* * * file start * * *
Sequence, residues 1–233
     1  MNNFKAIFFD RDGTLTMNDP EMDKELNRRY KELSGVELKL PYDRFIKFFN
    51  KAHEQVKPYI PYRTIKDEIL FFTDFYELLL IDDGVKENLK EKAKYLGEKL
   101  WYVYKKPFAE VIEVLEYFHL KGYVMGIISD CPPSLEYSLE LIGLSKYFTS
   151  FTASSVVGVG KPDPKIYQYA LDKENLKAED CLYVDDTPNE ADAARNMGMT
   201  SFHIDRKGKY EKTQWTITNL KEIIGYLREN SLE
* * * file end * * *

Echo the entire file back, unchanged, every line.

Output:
Sequence, residues 1–233
     1  MNNFKAIFFD RDGTLTMNDP EMDKELNRRY KELSGVELKL PYDRFIKFFN
    51  KAHEQVKPYI PYRTIKDEIL FFTDFYELLL IDDGVKENLK EKAKYLGEKL
   101  WYVYKKPFAE VIEVLEYFHL KGYVMGIISD CPPSLEYSLE LIGLSKYFTS
   151  FTASSVVGVG KPDPKIYQYA LDKENLKAED CLYVDDTPNE ADAARNMGMT
   201  SFHIDRKGKY EKTQWTITNL KEIIGYLREN SLE